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I have longed for originality in modern cinema. It is an appeal that many film critics and film fanatics have screamed at Hollywood for ever since we’ve had this wave of films feeling the same.

A Cure for Wellness attempts to be, well a cure for the appeal. Gore Verbinski, who brought us three of The Pirates of the Caribbean films has taken a step back from his usual collaboration with Johnny Depp and returns to bring us another horror film, he did this in 2002 when he directed the American remake of The Ring.

Firstly, I will say that A Cure for Wellness has a story shrouded in mystery and creates the focus of what is this cure that will have you hooked like bait to a fish and presses you to endure the films unusual style. On the surface the narrative will feel very simple, but as the story continues, different narrative layers occur that make the story ever more expansive that what was initially portrayed in the trailer.

Another element of narrative structure contained in A Cure for Wellness is its subtle but noticeable way of foreshadowing certain events. It won’t take a genius to look at certain points in the film and draw up connections to the story but the fact that we can draw up connection is why the narrative works so well. It is very easy to identify what is important to the story long and short term. It isn’t difficult to mix up foreshadowing and exposition, but A Cure for Wellness very clearly distinguishes what is what.

Two stand out performances were from Dane Dehaan and Jason Issacs. Lockhart (played by Dane Dehaan) is a character who is seen to put his job before his family as evident from his lack of a relationship with his mother. He is sent to a facility to find the CEO of the company he works for and bring him back. A similar setup scenario we’ve seen a hundred times but as previously stated become more expansive. Jason Issacs, who is incredibly talented when playing manipulative characters plays Volmer, a doctor as the treatment facility where Lockhart is sent. Dane delivers just the right amount of curiousness needed for a scene when he is trying to uncover the darkness that surrounds the treatment facility and Jason Issacs has a superb heavy presence in every scene he is in. There’s something about his movement and voice that makes him stand out from the rest of the characters in the film.

Why would you want to leave is a question that is asked many times in the film. There is truth behind this because the location of the treatment facility is incredibly stunning, especially in exterior scenes. The Swiss Alps adds to the heaven on earth vibe that the facility is wanting to offer and is quite therapeutic after going through one of the films tenser scenes. The film on a whole is very gorgeous looking and is very well pieced together through editing.

For a film that looks very different from what you may usually see, it feels so familiar to other psychological thrillers such as The Shining and Shutter Island, the film even seems to borrow from said films. This is something that can determine you walking out of the cinema or just feeling bored in general and while the film can make up its mind of narrative elements, it has difficulty in defining itself as an experimental film or a product from Hollywood.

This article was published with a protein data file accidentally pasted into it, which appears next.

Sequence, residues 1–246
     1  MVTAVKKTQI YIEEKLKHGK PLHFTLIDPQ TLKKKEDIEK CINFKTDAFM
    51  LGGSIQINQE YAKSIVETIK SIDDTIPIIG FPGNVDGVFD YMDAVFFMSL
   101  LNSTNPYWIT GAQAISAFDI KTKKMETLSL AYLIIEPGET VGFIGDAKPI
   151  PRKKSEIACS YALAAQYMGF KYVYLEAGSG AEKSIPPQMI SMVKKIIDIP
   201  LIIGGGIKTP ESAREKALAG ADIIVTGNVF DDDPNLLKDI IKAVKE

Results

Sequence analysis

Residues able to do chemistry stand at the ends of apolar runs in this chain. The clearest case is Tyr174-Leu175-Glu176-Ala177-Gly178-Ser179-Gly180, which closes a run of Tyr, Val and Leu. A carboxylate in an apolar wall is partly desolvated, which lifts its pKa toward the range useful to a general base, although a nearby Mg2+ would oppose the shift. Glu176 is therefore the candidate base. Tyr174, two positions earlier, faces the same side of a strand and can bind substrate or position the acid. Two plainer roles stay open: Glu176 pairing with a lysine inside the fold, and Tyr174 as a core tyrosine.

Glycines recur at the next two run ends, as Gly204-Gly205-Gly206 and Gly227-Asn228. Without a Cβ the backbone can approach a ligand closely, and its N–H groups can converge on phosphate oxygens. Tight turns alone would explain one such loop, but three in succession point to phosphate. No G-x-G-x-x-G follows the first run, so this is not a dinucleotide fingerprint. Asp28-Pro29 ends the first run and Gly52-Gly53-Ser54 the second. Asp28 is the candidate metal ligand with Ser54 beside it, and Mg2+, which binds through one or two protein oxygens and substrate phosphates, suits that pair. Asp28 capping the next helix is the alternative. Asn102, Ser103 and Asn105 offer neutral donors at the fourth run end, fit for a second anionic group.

This brings me on to the tone where once again, the film is indecisive. Half the time it wants us to feel very on the edge of our seats which I credit Gore Verbinski for creating. The problem is psychological suspense should take you to the maximum level of tension and leave you hanging there for the remainder of the films run time, however A Cure for Wellness takes you the maximum level but can’t sustain itself and drops rapidly once the suspenseful scene is over, this is a big disappointment and whatever tension was created is lost in the blink of an eye.

The secrets that this film holds from you are secrets that won’t be discovered until the finale of the film. While many films solve different mysteries as the film continues, Gore Verbinski and the writing staff decide to unleash every last ounce of secrecy all at once. For some this will be very sloppy but for others it won’t concern them because they are too involved with the story. Many critics have branded the final moments of the film as a turn for the worst and slaps you in the face for thinking the film was going to go somewhere else but this didn’t bother me because everything was already covered by the foreshadowing and it sustained the suspenseful tone.

This is going to be one of the more divisive films of 2017 and is all down to whether you think this film suits your taste. All I can say is that the film is original in its beauty. The beauty of the bizarre is a very real thing and I could feel it seeping through the silver screen. However, is when you start to notice the familiar that will drag the films lasting impression on you.

Final Result: 7/10 – Good

Have you seen A Cure for Wellness? What did you think? Please let me know your thought and opinions in the comments below.

Next Time: Logan


Film Reviews

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